Meet Jimmy Flick. He’s not like other kids – he’s both too fast and too slow. He sees too much, and too little. Jimmy’s mother Paula is the only one who can manage him. She teaches him how to count sheep so that he can fall asleep. She holds him tight enough to stop his cells spinning. It is only Paula who can keep Jimmy out of his father’s way. But when Jimmy’s world falls apart, he has to navigate the unfathomable world on his own, and make things right.
Told from the mesmerising point of view and in the inimitable voice of Jimmy, this is an extraordinary novel about a poor family who is struggling to cope with a different and difficult child.
High scores all around could take this month’s book to the top of our list this year.
Consistent remarks such as, ‘Well written’, ‘great insight’, and ‘brilliantly portrayed’ went around the table, with everyone feeling much empathy for Jimmy and his whole family, even the father, whose struggle with alcohol and domestic violence would not normally get a great deal of sympathy from our group! We all thought Robbie a wonderful big brother and Paula a sad, yet endearing character whose only fault was she loved too much.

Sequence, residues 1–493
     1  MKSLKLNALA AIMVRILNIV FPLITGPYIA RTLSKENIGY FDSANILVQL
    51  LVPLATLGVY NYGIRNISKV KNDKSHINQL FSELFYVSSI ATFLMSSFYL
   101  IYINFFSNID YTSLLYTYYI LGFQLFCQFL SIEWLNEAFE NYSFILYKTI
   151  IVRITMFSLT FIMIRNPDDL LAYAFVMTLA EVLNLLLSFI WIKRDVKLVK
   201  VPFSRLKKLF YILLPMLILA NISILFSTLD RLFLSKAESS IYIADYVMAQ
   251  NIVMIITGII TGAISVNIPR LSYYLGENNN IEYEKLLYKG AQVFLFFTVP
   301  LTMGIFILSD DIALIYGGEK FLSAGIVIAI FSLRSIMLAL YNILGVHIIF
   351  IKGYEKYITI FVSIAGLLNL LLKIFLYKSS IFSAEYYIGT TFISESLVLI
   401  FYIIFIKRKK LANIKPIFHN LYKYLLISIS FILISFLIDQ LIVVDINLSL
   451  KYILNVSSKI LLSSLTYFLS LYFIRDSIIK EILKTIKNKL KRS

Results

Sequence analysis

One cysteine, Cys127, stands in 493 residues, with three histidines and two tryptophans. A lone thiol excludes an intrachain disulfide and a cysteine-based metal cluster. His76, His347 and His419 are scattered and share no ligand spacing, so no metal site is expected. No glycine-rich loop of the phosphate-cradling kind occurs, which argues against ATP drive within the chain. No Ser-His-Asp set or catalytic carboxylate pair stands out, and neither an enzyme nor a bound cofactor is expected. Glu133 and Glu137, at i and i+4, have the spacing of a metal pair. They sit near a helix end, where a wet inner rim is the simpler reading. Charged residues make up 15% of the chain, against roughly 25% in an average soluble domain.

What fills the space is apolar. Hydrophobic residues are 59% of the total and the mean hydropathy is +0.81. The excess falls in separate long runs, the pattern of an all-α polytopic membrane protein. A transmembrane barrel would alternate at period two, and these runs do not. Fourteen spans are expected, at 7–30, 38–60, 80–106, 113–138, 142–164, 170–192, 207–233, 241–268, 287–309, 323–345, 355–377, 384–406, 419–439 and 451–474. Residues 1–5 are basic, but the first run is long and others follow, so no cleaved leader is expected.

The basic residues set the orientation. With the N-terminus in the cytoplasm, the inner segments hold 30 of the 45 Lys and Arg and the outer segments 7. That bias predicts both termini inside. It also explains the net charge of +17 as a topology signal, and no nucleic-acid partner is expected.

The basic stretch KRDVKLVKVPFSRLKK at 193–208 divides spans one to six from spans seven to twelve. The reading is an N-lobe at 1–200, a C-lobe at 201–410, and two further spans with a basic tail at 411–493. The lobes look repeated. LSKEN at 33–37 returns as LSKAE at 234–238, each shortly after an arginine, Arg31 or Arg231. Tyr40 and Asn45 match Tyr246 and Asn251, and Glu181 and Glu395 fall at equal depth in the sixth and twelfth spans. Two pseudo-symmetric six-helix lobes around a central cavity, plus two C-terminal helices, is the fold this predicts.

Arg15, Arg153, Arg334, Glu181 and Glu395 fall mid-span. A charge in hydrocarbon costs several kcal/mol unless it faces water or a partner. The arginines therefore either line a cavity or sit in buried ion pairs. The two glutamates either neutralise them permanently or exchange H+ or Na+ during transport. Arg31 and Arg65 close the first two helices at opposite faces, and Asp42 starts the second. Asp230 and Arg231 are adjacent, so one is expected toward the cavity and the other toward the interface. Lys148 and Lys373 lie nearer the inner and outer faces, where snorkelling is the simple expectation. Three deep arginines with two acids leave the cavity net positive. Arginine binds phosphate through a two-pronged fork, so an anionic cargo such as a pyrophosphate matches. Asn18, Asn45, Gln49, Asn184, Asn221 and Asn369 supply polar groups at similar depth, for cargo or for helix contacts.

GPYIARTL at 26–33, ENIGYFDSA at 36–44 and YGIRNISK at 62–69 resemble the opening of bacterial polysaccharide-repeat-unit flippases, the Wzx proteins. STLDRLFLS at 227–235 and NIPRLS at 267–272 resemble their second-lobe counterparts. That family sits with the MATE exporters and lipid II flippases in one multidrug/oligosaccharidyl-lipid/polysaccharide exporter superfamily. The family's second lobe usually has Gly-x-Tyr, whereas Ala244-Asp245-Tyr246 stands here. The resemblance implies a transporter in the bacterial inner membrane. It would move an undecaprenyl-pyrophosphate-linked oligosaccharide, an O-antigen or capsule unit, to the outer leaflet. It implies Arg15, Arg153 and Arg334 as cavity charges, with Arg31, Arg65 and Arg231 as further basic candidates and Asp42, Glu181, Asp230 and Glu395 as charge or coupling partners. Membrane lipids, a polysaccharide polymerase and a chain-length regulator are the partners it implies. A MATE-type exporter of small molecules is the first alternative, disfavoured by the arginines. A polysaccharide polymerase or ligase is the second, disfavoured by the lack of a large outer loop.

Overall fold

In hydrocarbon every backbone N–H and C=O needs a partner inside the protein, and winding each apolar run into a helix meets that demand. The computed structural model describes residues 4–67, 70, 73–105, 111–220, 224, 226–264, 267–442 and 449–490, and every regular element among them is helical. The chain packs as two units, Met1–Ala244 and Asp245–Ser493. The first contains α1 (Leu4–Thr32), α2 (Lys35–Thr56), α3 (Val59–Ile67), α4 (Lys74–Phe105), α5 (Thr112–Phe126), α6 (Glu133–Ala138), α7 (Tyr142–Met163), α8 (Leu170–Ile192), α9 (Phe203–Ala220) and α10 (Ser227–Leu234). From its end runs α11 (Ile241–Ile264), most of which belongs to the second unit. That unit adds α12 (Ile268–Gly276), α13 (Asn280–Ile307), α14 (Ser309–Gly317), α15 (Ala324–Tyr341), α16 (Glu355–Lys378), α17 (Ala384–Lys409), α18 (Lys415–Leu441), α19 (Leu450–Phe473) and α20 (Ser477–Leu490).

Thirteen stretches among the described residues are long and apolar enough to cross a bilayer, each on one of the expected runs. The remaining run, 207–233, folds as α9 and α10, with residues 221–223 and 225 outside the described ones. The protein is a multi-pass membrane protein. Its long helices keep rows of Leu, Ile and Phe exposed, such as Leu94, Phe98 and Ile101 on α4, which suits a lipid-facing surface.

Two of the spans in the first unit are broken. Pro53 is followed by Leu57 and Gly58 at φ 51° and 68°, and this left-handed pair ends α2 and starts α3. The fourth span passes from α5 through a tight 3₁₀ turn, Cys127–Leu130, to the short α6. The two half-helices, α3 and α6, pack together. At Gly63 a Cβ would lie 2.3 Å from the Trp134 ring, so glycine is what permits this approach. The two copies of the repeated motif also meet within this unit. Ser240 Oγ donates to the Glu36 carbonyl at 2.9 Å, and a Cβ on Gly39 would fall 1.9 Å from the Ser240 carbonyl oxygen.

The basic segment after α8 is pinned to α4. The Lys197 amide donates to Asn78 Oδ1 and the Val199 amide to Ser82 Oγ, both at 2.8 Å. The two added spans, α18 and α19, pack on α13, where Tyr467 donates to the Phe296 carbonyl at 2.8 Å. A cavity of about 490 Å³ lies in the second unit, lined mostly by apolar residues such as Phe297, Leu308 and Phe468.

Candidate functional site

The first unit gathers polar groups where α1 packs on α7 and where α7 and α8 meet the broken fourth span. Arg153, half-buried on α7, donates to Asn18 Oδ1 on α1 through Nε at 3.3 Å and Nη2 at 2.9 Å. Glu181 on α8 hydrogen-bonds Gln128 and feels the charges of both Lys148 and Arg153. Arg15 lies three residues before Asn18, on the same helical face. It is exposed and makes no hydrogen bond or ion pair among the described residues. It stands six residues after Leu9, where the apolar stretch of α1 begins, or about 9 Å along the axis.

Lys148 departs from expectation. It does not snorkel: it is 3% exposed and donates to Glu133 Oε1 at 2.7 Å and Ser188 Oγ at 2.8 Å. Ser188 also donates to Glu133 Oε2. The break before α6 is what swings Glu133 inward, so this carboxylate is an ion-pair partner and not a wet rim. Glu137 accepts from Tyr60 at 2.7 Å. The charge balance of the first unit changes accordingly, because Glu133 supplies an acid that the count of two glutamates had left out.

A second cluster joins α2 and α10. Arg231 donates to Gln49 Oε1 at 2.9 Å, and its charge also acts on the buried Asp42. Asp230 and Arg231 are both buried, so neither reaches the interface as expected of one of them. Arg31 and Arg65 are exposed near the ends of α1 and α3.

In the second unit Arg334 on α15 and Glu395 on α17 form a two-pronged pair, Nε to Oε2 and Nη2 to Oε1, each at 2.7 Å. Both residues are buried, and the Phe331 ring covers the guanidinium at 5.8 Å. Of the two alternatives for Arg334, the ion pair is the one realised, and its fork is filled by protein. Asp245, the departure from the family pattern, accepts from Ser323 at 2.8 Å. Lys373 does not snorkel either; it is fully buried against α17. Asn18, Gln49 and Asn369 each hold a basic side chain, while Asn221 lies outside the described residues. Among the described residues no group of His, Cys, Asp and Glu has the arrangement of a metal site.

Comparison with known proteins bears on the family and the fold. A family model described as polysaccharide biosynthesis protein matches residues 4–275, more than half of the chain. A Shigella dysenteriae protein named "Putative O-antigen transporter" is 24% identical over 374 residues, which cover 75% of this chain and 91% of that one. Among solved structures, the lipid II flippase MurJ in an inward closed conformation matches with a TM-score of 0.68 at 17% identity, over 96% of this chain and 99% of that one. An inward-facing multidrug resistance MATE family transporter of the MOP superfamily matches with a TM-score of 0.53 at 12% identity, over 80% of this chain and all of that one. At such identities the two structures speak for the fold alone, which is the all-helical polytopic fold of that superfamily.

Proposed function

It was thought that Laguna found a unique way to tell a child’s story through his own autistic view of the world. It was left up to us, the readers, to fill in any gaps which, with Jimmy’s frankness and precision, we found easy to do (although some found it all a little overwhelming).
There were many social issues addressed in this book … mental health, domestic violence, education, community services and generational dysfunction, so if you are even a little sensitive to familial turmoil, you might find the contents a little disturbing.
But there was also an uplifting side to this novel. It gives good insight into children on the spectrum, their joys and challenges, and there is also hope and throughout the book, love … misguided at times, but love nonetheless.
The only criticisms were the repetitive nature of Jimmy’s narration, (which we realise was necessary for a true portrait of who he was) and the fact that certain problems associated with such a dysfunctional family were glossed over, or not addressed at all. In other words, it could have been so much worse!
Then again, without exception, everyone in our group knew of or had experience with an autistic child, either professionally or personally, an they all believe that Laguna got it right.
So if you pick up The Eye of the Sheep and don’t shy away from its confronting aspects, you’re in for a powerful read!